Tesla Electric Car Sales Hamstrung by Reality, Not Capacity

Tesla Model S
Source: Courtesy of Tesla Motors
When the markets open on Wednesday morning, indications are pretty clear that shares of Tesla Motors Inc. (NASDAQ: TSLA) are going to trade lower by around 11%. But where will those shares trade at the closing bell?

Tesla’s quarterly results were actually pretty good and beat consensus estimates on both adjusted earnings per share and revenues. The car maker increased production by 10% and shipped more than 6,000 cars. Not good enough.

The company’s CEO, Elon Musk, said on the conference call that there is too much demand for Tesla’s cars and the company does not have the capacity to build more. As we noted earlier this morning, Ford Motor Co. (NYSE: F) produces about as much revenue in one day as Tesla does in a full quarter. Analysts have expected Tesla magically to increase production by orders of magnitude and have priced the stock with that magic in mind. Musk’s plans to expand sales internationally and to build less expensive models will take years to realize.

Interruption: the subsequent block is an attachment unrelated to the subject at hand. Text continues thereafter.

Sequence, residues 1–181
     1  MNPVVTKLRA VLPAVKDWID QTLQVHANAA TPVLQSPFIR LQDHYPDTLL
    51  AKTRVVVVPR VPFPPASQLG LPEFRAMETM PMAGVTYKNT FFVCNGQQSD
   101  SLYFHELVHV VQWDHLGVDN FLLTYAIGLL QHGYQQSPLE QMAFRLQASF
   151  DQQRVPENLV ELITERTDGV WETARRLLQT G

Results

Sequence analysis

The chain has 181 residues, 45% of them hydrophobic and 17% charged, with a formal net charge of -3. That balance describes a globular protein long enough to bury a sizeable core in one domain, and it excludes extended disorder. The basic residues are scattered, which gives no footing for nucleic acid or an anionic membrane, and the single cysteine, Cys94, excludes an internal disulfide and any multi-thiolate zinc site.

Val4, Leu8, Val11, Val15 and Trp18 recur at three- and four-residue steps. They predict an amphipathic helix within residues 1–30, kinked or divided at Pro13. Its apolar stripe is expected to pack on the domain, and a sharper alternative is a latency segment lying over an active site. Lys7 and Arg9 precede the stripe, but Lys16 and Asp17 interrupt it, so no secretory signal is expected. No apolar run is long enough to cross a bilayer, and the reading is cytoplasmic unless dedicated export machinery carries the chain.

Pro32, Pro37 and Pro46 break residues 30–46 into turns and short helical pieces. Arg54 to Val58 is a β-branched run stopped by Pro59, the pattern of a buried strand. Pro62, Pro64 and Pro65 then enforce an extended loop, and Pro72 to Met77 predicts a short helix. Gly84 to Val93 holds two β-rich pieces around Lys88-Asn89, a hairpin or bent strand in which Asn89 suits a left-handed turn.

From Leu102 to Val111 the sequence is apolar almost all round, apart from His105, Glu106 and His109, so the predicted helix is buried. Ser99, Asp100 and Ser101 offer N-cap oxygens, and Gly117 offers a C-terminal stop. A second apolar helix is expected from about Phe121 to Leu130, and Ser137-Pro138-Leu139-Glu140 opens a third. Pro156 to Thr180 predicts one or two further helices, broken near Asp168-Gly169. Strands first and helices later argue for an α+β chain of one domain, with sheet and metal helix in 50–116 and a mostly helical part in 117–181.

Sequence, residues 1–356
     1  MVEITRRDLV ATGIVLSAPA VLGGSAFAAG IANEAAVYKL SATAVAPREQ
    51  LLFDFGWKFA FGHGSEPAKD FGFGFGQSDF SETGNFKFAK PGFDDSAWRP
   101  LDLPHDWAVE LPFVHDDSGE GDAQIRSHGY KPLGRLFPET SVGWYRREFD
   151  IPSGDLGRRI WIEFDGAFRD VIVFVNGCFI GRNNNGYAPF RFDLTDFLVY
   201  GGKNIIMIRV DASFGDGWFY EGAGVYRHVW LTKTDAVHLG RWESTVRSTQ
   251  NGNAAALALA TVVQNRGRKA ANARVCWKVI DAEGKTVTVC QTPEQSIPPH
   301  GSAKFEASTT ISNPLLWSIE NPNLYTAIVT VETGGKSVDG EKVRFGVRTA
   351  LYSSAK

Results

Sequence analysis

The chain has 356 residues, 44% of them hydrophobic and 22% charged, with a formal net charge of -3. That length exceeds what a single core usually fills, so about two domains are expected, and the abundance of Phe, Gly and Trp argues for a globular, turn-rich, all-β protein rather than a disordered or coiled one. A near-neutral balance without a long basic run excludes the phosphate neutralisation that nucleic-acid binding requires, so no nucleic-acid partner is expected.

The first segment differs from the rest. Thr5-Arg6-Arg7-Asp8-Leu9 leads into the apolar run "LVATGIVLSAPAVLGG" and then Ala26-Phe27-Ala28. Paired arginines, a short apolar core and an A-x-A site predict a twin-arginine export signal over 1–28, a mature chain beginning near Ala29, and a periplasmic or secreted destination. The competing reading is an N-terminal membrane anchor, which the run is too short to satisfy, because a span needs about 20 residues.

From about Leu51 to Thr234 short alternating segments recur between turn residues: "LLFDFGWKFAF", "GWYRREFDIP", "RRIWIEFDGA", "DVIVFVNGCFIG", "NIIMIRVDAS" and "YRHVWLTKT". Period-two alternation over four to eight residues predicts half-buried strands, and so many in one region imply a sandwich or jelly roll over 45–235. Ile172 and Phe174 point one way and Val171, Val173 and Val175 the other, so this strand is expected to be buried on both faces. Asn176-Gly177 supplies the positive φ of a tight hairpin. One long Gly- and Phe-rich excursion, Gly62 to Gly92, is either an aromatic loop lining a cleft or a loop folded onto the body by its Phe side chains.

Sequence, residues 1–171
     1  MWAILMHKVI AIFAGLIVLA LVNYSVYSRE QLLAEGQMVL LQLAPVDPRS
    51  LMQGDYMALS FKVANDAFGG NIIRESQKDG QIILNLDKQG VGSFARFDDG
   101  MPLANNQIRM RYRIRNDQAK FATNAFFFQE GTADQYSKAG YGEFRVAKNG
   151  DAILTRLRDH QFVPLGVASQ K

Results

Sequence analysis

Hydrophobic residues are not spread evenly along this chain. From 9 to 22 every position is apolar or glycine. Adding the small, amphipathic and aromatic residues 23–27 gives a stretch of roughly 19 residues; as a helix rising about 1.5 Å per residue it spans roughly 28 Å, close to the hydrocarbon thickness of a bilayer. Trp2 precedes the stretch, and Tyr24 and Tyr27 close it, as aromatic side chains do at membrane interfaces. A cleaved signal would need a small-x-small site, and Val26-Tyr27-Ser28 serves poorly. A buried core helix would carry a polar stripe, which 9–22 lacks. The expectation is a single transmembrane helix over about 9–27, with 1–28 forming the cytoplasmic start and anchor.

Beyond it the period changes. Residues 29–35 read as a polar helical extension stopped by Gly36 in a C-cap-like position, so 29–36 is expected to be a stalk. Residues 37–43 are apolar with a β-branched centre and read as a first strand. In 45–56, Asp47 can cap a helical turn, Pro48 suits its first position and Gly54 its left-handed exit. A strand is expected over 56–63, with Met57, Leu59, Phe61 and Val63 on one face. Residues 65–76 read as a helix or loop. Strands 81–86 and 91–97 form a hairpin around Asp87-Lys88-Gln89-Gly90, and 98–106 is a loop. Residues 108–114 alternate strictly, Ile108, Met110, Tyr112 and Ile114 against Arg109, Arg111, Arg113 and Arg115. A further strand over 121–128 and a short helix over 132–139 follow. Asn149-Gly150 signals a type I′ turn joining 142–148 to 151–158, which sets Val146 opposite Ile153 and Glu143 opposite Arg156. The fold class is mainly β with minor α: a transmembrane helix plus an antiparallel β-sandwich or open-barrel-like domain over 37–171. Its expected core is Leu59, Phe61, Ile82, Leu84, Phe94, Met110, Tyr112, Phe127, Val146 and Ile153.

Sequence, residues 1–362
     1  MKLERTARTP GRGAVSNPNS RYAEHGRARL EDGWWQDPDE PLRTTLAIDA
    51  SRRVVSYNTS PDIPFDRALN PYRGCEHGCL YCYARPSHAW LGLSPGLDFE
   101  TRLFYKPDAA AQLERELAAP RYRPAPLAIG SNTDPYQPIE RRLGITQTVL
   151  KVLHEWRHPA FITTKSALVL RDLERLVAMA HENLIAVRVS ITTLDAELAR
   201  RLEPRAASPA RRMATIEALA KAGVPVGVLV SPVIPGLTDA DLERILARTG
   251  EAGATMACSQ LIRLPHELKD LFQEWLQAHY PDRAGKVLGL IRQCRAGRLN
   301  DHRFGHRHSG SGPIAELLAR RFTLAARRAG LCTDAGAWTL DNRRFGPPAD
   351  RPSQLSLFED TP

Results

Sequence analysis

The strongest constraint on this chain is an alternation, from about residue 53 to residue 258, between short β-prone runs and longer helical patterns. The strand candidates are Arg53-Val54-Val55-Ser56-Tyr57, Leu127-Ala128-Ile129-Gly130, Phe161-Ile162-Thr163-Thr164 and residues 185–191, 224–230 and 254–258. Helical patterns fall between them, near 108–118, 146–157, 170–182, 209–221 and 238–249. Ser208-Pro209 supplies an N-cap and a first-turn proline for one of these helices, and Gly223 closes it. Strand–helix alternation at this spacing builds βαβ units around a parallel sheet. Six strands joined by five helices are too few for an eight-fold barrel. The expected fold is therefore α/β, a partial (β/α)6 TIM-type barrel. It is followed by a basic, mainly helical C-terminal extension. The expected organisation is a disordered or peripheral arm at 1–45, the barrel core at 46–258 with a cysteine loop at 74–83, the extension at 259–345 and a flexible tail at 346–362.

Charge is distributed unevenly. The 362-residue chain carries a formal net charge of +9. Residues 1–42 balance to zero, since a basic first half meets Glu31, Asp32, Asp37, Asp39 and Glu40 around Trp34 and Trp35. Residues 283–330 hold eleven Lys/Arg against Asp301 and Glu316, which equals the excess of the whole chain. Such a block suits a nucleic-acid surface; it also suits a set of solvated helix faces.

It is very likely that the options market will drive the stock price for the next little while. More than 26% of the company’s shares were held short at the end of October. According to our own review, the nearest speculative contracts were $180 weekly calls and $170 weekly puts. That implies a $14 per share move in one direction or the other. So far Wednesday morning, shares are down about $20, so a lot of shorts are likely to take their profits and move along.

Even Musk has said that Tesla’s shares are overvalued. When we look at the competitive landscape, with luxury carmakers like BMW, Porsche and Mercedes on one the one hand and mass-market makers like Ford, General Motors Co. (NYSE: GM) and Toyota Motor Corp. (NYSE: TM) on the other, Tesla is not in an enviable position. Adding a crossover model to the company’s lineup and trying to compete at both ends of the market could spell disaster in the medium-term.

There might be some buyers out there who think that buying the dip in Tesla stock is a smart move today. Maybe, but not a good bet. The run-up in the share price may have hit its euphoric peak and start retreating to its more rational level. Where that might be is probably considerably below where the stock closed Tuesday.

So far, Tesla’s shares are down nearly 12% at $155.80, after closing at $176.81 Tuesday night. The 52-week range is $29.85 to $194.50, and the consensus price target was around $170 before the company reported results. That target is almost certain to go lower.

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